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I implemented a metroplis sampler for a 1D gaussian mixture, the target distribution looks like this:

Target distribution

I use a 1D normal distribution as propsal, that is each candidate is sampled from a normal distribution centered around the last accepted sample with a certain standard deviation.

If I use a small variance for the proposal distribution my samples are distributed according to the target distribution although it takes a significant number of samples to achieve a good coverage. If I increase the variance of the propsal distribution my acceptance ratio rapidly drops which was expected, but also my 10^6 samples are not distributed according to the target distribution. Especially the difference between the number of samples generated for each mode of the distribution vanishes: Samples I could see why this happens in the case for a proposal distribution with small variance but I don't really understand the behaviour of the sampler in the case for $\sigma = 10$ or $100$.

Could anyone explain this behaviour to me?

for i=1:n
while 1>0
    candidate = normrnd(x_curr,sd_prop);
    p_candidate =  eval_mixture_pdf(candidate);
    if p_candidate > p_curr || rand() < (p_candidate / p_curr) 
        samples(i) = candidate;
        x_curr = candidate;
        p_curr = p_candidate;
        break;
    end
end
end
$\endgroup$
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  • $\begingroup$ In both cases, the convergence is slower, which means that 10⁶ iterations is presumably not sufficient to reach it. $\endgroup$
    – Xi'an
    Commented Jan 27, 2017 at 12:43
  • $\begingroup$ I tried 10^8 iterations with $\sigma = 10$ and it doesn't chance anything (I can not attach a third image, sorry). Of course this does not proof that it's not due to the convergence but it definitely feels more like systematic bias ... $\endgroup$
    – Maximal
    Commented Jan 27, 2017 at 14:52
  • $\begingroup$ There is no mistake in your code if this is the MC core and there is no reason for "systematic bias" when running it... $\endgroup$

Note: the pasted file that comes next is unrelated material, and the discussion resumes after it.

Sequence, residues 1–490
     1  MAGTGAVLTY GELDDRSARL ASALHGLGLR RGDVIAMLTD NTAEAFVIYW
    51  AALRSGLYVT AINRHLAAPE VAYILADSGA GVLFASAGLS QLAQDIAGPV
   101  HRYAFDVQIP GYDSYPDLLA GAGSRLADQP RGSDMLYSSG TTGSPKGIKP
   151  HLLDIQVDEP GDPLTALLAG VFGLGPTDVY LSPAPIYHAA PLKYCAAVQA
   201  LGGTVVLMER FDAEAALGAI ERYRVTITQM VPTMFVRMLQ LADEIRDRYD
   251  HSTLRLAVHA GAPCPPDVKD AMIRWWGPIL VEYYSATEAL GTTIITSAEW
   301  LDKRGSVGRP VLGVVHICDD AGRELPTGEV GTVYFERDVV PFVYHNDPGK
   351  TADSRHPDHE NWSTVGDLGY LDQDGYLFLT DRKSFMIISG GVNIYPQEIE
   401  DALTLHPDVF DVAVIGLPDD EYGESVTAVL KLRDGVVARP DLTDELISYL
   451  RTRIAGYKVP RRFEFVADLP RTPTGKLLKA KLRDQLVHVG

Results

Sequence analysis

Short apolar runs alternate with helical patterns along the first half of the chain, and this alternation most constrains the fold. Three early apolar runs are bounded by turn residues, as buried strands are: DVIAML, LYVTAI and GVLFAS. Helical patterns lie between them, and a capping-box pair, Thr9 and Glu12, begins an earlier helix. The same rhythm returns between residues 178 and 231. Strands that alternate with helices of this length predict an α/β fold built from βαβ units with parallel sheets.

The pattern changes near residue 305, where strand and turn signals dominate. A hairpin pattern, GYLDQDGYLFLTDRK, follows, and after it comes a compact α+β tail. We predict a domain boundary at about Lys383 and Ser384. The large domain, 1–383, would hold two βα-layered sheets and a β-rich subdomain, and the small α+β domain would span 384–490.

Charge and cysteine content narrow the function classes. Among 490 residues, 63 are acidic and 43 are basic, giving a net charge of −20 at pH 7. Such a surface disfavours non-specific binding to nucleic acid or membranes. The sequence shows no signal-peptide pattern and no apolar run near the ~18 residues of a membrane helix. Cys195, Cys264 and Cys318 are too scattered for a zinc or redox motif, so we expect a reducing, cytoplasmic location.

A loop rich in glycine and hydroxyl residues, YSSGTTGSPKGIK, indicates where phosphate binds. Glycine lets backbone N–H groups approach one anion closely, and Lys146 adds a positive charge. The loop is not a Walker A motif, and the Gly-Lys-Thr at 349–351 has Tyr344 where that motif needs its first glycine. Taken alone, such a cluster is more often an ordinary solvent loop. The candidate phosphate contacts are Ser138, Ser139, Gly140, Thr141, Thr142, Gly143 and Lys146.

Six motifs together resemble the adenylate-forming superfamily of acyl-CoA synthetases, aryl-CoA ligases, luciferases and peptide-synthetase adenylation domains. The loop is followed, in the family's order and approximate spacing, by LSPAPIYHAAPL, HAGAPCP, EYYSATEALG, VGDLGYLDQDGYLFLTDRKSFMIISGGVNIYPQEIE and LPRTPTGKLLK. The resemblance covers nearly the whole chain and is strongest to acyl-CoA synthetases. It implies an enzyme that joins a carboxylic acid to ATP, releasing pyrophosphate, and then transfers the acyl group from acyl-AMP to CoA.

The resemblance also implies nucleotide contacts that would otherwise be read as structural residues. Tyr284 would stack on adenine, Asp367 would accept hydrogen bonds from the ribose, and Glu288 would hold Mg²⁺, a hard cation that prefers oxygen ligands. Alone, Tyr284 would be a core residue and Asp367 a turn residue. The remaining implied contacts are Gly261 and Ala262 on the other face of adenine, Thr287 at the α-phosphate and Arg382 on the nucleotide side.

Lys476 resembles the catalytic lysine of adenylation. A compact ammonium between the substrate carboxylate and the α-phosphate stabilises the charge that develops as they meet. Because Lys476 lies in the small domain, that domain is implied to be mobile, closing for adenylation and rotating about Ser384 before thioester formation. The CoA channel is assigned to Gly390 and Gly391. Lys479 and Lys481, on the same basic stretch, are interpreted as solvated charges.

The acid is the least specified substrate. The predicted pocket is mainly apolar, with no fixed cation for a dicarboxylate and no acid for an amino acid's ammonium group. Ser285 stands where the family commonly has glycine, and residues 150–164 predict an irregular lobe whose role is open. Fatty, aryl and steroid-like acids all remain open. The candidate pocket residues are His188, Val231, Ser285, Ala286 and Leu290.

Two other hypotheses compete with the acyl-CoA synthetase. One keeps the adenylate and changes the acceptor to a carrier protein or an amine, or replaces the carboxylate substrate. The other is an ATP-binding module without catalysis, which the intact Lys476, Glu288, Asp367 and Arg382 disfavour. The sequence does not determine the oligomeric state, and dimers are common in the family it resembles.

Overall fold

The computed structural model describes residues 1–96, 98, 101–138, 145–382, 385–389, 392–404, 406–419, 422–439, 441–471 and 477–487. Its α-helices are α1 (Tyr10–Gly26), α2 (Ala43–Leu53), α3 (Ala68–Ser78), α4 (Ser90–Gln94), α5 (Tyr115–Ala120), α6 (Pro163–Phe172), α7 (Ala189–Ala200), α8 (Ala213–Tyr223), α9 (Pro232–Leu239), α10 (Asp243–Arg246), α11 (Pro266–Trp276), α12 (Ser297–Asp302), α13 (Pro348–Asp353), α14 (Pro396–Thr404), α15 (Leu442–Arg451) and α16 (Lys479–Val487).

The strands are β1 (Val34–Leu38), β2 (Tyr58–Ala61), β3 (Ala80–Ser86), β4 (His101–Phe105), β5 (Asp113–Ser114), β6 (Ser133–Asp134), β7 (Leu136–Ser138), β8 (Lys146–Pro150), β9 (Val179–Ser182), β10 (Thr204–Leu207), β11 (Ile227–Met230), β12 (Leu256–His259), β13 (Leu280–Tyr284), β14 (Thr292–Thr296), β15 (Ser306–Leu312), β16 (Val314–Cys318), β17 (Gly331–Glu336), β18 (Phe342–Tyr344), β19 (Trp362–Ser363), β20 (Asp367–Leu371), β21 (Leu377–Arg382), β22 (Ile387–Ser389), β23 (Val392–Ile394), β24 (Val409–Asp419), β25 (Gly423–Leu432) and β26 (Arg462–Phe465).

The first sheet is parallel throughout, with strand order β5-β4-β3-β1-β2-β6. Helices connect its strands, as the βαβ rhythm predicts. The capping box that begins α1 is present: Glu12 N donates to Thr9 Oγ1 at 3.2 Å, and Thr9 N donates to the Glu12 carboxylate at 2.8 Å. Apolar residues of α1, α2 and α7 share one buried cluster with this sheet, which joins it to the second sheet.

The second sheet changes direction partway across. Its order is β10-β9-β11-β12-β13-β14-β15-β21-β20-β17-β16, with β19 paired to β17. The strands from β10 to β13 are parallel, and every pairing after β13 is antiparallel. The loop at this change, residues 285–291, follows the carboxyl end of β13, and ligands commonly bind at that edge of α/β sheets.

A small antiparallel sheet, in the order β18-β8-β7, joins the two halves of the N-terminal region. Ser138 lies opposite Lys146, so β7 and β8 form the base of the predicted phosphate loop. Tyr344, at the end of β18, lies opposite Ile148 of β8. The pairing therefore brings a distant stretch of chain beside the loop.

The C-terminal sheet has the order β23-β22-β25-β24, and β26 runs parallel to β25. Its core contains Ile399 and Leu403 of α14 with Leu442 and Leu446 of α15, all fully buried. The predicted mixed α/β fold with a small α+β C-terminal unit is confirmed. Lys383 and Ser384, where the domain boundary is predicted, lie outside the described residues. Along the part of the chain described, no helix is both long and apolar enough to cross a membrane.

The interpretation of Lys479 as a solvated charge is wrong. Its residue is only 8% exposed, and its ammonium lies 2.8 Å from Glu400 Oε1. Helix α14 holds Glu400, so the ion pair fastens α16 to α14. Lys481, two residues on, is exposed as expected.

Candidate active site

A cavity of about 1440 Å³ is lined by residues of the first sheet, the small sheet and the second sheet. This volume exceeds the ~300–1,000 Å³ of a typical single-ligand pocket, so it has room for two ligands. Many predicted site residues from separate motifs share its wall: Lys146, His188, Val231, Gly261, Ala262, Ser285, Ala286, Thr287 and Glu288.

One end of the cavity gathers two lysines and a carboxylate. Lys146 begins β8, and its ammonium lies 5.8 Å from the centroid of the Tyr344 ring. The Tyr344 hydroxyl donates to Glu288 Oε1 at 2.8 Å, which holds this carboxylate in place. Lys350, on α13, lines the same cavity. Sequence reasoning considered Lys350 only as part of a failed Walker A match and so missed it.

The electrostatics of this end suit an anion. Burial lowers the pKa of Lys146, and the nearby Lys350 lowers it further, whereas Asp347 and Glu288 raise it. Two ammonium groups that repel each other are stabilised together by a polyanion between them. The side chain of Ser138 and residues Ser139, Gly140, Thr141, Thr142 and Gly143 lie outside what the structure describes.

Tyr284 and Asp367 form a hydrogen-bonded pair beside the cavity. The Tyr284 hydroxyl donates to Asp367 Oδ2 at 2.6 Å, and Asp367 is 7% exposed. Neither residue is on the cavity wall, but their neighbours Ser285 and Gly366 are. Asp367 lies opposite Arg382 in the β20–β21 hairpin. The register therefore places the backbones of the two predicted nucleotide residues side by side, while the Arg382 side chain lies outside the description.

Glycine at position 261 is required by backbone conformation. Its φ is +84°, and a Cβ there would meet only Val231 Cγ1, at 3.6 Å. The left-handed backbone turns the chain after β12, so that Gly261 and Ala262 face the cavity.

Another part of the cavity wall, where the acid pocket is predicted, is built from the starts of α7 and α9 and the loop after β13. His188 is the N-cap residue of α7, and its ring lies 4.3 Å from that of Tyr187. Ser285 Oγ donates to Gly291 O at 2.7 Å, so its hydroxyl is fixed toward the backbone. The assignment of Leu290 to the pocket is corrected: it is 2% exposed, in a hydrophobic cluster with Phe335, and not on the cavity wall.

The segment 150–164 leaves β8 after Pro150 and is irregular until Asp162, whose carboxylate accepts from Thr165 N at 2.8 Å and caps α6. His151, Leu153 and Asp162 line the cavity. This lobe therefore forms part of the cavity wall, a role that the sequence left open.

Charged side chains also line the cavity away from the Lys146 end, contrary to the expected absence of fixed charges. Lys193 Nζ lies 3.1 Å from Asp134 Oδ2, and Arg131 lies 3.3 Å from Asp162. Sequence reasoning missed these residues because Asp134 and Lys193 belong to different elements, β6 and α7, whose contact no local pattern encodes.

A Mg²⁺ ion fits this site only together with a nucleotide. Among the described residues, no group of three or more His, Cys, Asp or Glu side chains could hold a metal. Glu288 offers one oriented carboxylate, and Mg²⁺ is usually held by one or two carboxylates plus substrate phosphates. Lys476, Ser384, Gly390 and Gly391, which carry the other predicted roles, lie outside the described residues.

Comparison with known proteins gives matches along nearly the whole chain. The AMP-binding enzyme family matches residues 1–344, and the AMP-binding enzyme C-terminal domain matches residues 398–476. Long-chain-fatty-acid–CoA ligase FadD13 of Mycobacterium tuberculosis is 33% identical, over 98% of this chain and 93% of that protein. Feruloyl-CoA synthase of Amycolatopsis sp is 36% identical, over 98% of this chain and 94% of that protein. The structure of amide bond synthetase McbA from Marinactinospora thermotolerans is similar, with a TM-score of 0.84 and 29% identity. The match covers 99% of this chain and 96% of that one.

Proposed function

– Xi'an
    Commented Jan 27, 2017 at 15:07
  • $\begingroup$ @Maximal Have you tried overlaying the true density on the plots. In my experience, sometimes aspect ratios and perspectives play with our eyes. $\endgroup$ Commented Feb 2, 2017 at 23:36

1 Answer 1

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I tried to replicate your results and here is what happened. I think I guessed the mixture distribution almost correctly: $$.3* N(0, 2) + .7*N(10, 2)\,. $$

I implemented the scenarios that you demonstrate. Here are my various settings:

  • Monte Carlo samples of $N = 10^4$ and $N = 10^6$
  • Four $\sigma$s: .1, 1, 10, 100
  • Two starting values: 0 and 10

Here are the results from $N = 10^4$. Black line is the true density. Things are a little crazy here, but I don't see what you see.

enter image description here

Now here is the more stable $N = 10^6$. Again, I don't see what you see, and rather at $\sigma = .1$ things are a little weird, rest are all ok.

enter image description here

So I am not sure why you are seeing a weird behavior. It may be a starting value issue, but I doubt it. Your algorithm looks correct, so there might be a problem with how you're storing the Markov chain (maybe?). Here is the R code for these plots (that is the only language I know).

set.seed(100)
## Evaluates the mixture density
eval_dense <- function(x)
{
  f_x <- .3*dnorm(x, mean = 0, sd = 2) + .7*dnorm(x, mean = 10, sd = 2)
  return(f_x)
}

# Samples and plots 
plot_MC <- function(sd, N = 1e6, start = 0)
{
  out <- numeric(length = N)
  accept <- 0
  out[1] <- start

  for(i in 2:N)
  {
    cand <- rnorm(1, mean = out[i-1], sd = sd)
    # Calculate ratio
    ratio <- eval_dense(cand)/eval_dense(out[i-1])
    if(runif(1) < ratio)
    {
      out[i] <- cand
      accept <- accept+1
    }else{
      out[i] <- out[i-1]
    }
  }

  x <- seq(-10, 20, length = 10000)
  truth <- eval_dense(x)
  plot(x, truth, type = 'l',
       main = paste("N =", N, ", Sigma = ", sd,", Accept = ", accept/N,  ", Start = ", out[1]),
       ylab = "density (red is MCMC)")
  lines(density(out), col = "red")
}

png("mix_mh_4.png", height = 1000, width = 800)
par(mfrow = c(4,2))
plot_MC(sd = .1, start = 0, N = 1e4)
plot_MC(sd = .1, start = 10, N = 1e4)
plot_MC(sd = 1, start = 0, N = 1e4)
plot_MC(sd = 1, start = 10, N = 1e4)
plot_MC(sd = 10, start = 0, N = 1e4)
plot_MC(sd = 10, start = 10, N = 1e4)
plot_MC(sd = 100, start = 0, N = 1e4)
plot_MC(sd = 100, start = 10, N = 1e4)
dev.off()

png("mix_mh_6.png", height = 1000, width = 800)
par(mfrow = c(4,2))
plot_MC(sd = .1, start = 0)
plot_MC(sd = .1, start = 10)
plot_MC(sd = 1, start = 0)
plot_MC(sd = 1, start = 10)
plot_MC(sd = 10, start = 0)
plot_MC(sd = 10, start = 10)
plot_MC(sd = 100, start = 0)
plot_MC(sd = 100, start = 10)
dev.off()
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1
  • $\begingroup$ hello from 4 years later! what would be a sensible approach to make the similar simulation using Gibbs Sampler? I am trying to sample from mixture of two bivariate normals where I know the mixture distribution similar to your answer above. I am having hard time to find the appropriate conditionals. Thanks!! $\endgroup$
    – boyaronur
    Commented May 1, 2021 at 18:23

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